The Commission of National Education was the central educational authority in the Polish–Lithuanian Commonwealth, created by the Sejm and the King Stanisław II August on October 14, 1773. Because of its vast authority and autonomy, it is considered the first Ministry of Education in European history and an important achievement of the Polish Enlightenment.
Scipione Piattoli was an Italian Catholic priest—a Piarist—an educator, writer, and political activist, and a major figure of the Enlightenment in Poland. After ten years as a professor at the University of Modena in Italy, he emigrated to the Polish-Lithuanian Commonwealth, where he became associated with several magnate families—the Potockis, Lubomirskis, and Czartoryskis. He was a member of Duchess Dorothea von Medem's court in Courland (Lithuania) and of King Stanisław August Poniatowski's court.
The Patriotic Party, also known as the Patriot Party or, in English, as the Reform Party, was a political movement in the Polish-Lithuanian Commonwealth in the period of the Four-Year Sejm of 1788–92, whose chief achievement was the Constitution of 3 May 1791. The reformers aimed to strengthen the ailing political machinery of the Commonwealth, to bolster its military, and to reduce foreign political influence, particularly that of the Russian Empire. It has been called the first Polish political party, though it had no formal organizational structure. The Party was inspired by the ideals of the French Revolution, and its name, proudly used by themselves, was a tribute to the Dutch Patriots.
Romanticism in Poland, a literary, artistic and intellectual period in the evolution of Polish culture, began around 1820, coinciding with the publication of Adam Mickiewicz's first poems in 1822. It ended with the suppression of the January 1863 Uprising against the Russian Empire in 1864. The latter event ushered in a new era in Polish culture known as Positivism.
The ideas of the Age of Enlightenment in Poland were developed later than in Western Europe, as the Polish bourgeoisie was weaker, and szlachta (nobility) culture (Sarmatism) together with the Polish-Lithuanian Commonwealth political system were in deep crisis. The period of Polish Enlightenment began in the 1730s–40s, peaked in the reign of Poland's last king, Stanisław August Poniatowski, went into decline with the Third Partition of Poland (1795) – a national tragedy inspiring a short period of sentimental writing – and ended in 1822, replaced by Romanticism.
The history of philosophy in Poland parallels the evolution of philosophy in Europe in general.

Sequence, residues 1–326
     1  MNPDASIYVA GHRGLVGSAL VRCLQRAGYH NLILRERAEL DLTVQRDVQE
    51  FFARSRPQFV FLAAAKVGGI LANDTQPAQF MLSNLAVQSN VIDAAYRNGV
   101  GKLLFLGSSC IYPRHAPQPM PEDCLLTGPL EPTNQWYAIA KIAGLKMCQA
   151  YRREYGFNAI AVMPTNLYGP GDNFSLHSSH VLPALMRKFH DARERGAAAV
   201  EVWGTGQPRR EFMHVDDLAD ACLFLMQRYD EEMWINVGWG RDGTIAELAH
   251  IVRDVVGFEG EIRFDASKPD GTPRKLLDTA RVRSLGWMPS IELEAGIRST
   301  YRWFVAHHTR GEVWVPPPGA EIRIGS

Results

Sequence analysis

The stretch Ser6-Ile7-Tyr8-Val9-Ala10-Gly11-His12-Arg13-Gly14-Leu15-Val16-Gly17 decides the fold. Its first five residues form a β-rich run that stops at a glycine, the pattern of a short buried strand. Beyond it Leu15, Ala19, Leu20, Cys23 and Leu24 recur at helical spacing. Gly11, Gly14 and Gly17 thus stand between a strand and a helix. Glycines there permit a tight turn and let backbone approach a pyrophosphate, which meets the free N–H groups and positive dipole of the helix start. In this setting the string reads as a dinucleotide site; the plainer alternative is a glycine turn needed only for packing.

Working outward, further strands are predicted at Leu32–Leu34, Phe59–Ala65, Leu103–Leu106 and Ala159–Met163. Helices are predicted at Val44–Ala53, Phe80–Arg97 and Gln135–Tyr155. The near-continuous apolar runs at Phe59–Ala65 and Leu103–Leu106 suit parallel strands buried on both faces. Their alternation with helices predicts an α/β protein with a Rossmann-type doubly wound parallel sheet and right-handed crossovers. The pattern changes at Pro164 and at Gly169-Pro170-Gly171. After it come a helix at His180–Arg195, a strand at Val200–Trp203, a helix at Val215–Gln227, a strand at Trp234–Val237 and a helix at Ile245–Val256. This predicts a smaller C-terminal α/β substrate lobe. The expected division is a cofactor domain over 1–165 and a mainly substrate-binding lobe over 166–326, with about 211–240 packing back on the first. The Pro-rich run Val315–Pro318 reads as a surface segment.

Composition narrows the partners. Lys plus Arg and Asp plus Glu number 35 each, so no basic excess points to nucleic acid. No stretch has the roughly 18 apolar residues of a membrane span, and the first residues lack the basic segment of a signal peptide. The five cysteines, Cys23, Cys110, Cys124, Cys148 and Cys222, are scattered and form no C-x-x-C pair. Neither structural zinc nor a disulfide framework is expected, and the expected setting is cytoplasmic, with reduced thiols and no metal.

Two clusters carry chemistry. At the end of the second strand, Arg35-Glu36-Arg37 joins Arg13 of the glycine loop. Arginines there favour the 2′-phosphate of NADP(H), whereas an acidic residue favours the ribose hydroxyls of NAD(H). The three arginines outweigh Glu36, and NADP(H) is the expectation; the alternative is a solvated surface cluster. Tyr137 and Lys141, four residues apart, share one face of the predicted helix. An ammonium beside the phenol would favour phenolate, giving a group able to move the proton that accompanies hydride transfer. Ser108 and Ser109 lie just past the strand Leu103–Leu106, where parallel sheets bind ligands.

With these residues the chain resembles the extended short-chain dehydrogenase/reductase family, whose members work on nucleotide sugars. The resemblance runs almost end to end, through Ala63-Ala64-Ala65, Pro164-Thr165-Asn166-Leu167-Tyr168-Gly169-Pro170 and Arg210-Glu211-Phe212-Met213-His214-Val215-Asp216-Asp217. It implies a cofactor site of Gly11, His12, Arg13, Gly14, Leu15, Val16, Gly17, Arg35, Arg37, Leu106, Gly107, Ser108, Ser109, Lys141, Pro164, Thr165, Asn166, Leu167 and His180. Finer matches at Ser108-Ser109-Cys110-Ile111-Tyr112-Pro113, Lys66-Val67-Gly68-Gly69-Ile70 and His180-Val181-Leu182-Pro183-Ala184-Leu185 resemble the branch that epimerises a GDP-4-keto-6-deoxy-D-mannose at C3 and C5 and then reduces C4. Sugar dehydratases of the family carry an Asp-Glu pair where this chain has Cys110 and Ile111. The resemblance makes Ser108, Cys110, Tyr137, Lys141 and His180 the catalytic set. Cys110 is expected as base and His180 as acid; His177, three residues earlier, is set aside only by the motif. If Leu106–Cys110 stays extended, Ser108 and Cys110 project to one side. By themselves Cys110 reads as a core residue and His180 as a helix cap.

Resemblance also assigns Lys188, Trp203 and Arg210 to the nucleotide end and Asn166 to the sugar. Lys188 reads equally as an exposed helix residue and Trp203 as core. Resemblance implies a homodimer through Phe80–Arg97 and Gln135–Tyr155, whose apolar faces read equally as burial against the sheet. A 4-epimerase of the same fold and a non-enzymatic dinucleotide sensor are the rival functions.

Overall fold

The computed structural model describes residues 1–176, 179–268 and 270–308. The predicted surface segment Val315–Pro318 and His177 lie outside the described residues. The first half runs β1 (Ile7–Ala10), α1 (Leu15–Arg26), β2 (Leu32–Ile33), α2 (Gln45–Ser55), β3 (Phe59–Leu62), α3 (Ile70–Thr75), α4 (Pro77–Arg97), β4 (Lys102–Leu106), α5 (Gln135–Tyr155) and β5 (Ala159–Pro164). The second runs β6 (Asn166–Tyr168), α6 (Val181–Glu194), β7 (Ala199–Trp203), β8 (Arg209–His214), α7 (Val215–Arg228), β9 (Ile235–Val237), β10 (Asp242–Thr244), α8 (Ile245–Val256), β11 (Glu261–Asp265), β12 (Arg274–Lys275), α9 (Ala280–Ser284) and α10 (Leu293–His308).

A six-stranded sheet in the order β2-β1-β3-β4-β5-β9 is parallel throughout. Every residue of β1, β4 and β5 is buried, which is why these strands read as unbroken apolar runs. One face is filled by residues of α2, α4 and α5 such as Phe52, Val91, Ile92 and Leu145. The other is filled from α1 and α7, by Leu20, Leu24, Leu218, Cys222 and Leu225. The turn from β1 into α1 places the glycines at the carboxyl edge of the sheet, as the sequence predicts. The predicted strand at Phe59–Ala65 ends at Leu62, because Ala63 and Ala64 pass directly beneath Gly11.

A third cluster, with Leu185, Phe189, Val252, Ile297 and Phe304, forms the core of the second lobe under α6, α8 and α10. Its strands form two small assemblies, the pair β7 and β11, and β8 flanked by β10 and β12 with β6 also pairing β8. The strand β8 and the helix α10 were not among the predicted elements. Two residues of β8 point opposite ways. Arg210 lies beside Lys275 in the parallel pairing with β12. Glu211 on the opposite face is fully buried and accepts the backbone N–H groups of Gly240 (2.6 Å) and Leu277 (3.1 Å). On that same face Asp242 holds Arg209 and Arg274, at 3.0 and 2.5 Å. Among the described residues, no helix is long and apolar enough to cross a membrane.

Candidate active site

The Warsaw Society of Friends of Science was one of the earliest Polish scientific societies, active in Warsaw from 1800 to 1832.
The Provisional Government Commission of the Grand Duchy of Lithuania; also, the Lithuanian Provisional Governing Commission was a provisional administrative body for the Grand Duchy of Lithuania, which had been overtaken by Napoleon's Grand Army during the 1812 French invasion of Russia.
The History of the Polish–Lithuanian Commonwealth (1764–1795) is concerned with the final decades of existence of the Polish–Lithuanian Commonwealth. The period, during which the declining state pursued wide-ranging reforms and was subjected to three partitions by the neighboring powers, coincides with the election and reign of the federation's last king, Stanisław August Poniatowski.
The Constitution of May 3, 1791 is an 1891 Romantic oil painting on canvas by the Polish artist Jan Matejko. It is a large piece, and one of Matejko's best known. It memorializes the Polish Constitution of May 3, 1791, a milestone in the history of the Polish–Lithuanian Commonwealth and the high point of the Polish Enlightenment.
Zgromadzenie Przyjaciół Konstytucji Rządowej was the first modern Polish political party, formed in May 1791, shortly after the adoption of the Constitution of May 3, 1791, by the efforts of the Patriotic Party. The purpose of the Friends of the Constitution was to defend the reformed political system and to introduce further reforms.
Ignacy Tański was a Polish official, playwright, poet, translator and freemason.
Ludwik Marteau, originally Louis-François Marteau was a Polish court painter who served under kings Augustus III and Stanisław August Poniatowski. All of his known works are portraits; both full size and miniatures.
This article needs additional citations for verification . (November 2018) (Learn how and when to remove this template message)